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This guide will take you through the essential Microsoft Teams features

Following the rapid shift to remote or hybrid working, many employees were simply expected to know how to use video conferencing tools like Microsoft Teams. However, for the majority of the workforce, a day spent in the office meant little more than responding to emails. The sudden adoption of Microsoft Teams for long-distance meetings and remote collaboration took some getting used to.

Given the pace at which the Covid-19 pandemic spread, the usual adjustment period and training to accommodate the use of Teams simply didn’t take place. Fortunately, Microsoft has tried to make the transition as streamlined as possible by providing an intuitive platform that is full of easy-to-use features for even the most inexperienced IT user.

However, if you’re still unsure about using Teams, we’ve come up with a handy guide that goes over some of the most important features below:

Signing up

Perhaps the most important step to using Teams is the first one: signing up. This is easily achieved by visiting https://products.office.com/microsoft-teams. Then simply enter the email address associated with your Microsoft account and select “Next”. Then enter your password and select “Sign in”. There may be a few more details to enter but then you should select “Set up Teams.”

After that is complete, it’s time to choose how you want to open and use Teams. Microsoft Teams is available in several different versions – with Windows, Mac, mobile, and web options all available. Download or access your chosen version of Teams and the signup process is complete. If you want to know more about logging in, this guide will show you how.

Exploring the Teams interface

The best way to understand how to use Microsoft Teams is to explore its user interface. On the left, you’ll see the App bar, where you’ll find a whole host of different icons. These include “Activity,” which displays mentions, replies, and other notifications, as well as “Meetings” or “Calendar,” either of which is synced with your Outlook calendar and provides a quick way of viewing all your upcoming meetings. There’s also “Chat,” “Files,” “Calls,” “Store,” and “Feedback.”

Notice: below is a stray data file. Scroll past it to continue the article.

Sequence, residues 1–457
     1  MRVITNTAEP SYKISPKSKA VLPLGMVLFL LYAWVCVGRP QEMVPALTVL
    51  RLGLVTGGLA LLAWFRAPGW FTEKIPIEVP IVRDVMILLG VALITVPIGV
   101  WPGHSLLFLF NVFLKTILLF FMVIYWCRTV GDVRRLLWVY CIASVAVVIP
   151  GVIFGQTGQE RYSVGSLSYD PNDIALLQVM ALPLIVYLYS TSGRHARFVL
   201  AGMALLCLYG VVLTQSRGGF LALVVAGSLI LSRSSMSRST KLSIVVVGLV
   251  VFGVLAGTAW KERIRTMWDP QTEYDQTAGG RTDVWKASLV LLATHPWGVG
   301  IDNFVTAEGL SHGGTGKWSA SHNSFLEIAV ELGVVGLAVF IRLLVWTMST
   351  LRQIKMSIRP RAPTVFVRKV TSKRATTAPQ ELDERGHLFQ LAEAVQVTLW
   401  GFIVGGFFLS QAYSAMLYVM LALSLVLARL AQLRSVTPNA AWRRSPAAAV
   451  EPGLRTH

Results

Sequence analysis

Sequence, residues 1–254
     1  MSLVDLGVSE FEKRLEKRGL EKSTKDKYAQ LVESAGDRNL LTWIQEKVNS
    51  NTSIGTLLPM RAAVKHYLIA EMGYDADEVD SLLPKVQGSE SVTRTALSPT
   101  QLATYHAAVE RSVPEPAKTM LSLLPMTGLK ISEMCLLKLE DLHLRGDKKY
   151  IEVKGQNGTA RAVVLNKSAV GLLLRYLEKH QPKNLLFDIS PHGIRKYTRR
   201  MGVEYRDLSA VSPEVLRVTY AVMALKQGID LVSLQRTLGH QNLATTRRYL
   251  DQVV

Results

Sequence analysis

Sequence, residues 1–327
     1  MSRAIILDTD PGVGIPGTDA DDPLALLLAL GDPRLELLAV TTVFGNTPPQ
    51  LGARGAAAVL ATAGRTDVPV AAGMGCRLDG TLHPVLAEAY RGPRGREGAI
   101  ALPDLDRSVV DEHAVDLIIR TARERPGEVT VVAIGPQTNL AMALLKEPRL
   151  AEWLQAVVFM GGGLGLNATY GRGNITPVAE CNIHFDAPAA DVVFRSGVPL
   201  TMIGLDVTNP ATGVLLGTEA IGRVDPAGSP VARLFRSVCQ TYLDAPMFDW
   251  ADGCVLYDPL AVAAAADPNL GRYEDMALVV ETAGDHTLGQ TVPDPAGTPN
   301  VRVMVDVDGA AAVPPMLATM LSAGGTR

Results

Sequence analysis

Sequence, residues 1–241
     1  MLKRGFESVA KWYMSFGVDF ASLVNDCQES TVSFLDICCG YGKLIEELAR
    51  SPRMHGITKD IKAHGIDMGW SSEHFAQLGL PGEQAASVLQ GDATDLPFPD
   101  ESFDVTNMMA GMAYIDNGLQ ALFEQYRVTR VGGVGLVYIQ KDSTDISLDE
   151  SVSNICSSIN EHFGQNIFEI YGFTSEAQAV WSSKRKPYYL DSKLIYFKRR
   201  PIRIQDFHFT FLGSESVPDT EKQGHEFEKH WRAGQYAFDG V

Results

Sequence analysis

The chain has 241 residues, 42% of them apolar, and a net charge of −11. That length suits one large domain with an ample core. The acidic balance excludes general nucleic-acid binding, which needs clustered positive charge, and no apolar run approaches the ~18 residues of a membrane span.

Aside from the App bar, the interface also boasts the “Teams” section, which displays a list of the user’s teams, “Channel,” the “Command Bar,” and various “Tabs” that allow you to move between different Teams pages. There are lots of additional features to get to grips with as well, so it’s a good idea to start investigating the interface to see what’s on offer.

Collaborate in a Microsoft Teams hub

In order to collaborate with others in Teams, you first need to join or create a Teams hub. To do so, select “Teams” from the App bar, followed by “Join” or “Create a Team.” If you’re creating a team, enter your chosen name and description, select your privacy settings and add your members.

A team can have a maximum of 2,500 members – so the opportunities for collaboration are pretty vast. You can also assign roles to each individual, such as “Owner” or “Member.” If you’re finished with a particular Teams hub, you can always choose to “Delete the team.”

Setting up a Teams call

Another of the most important actions to understand on Teams is how to set up a call. One of the ways is to select the “Schedule a meeting” button during a chat to set up a call with all the people involved in the chat. Alternatively, you can select the “Calendar Meetings” button followed by “New meeting.” Then if you select a time in the calendar, a scheduling form will appear for you to finish setting up the meeting. Once you’re happy with the meeting details, click “Save” and the relevant individuals will be sent a meeting invitation.

Don’t worry if you want to invite someone that doesn’t have Teams to a meeting either. As long you have their full email address, you can invite them. They’ll receive an email with a link to the meeting so they can join just like any other attendee that has a Teams license.

Take part in chat

Sometimes a full-blown video call may not be necessary, so Teams enables

collaboration to occur through its chat function. In order to start a new chat, click on the “Compose Box” and begin typing. Click “Send” to deliver your message to any individual in the team or channel that you’re working in.

One of the best aspects of the chat function is that any new member that is added can look back at all the previous messages – even those that were posted before they joined. This means it is easy for them to get up to speed with a new project.

Sharing files

Following the creation of a Teams hub, a SharePoint site is automatically set up, complete with a document library for each channel. Any file uploaded to Teams will be visible from the Files tab and simultaneously stored in SharePoint. If you want to open the file directly from SharePoint, you can click on the three dots located after the file name and select “Open in SharePoint.”

Accessing help

If you feel like you’ve exhausted all the assistance you can find from third parties, you can always try Teams’ built-in help feature. Towards the left-hand side of the app, you’ll find the “Help” button, where Teams provides localized advice on a host of topics. These are organized by feature, but there is also a “Videos” section displaying visual content on how to use the app.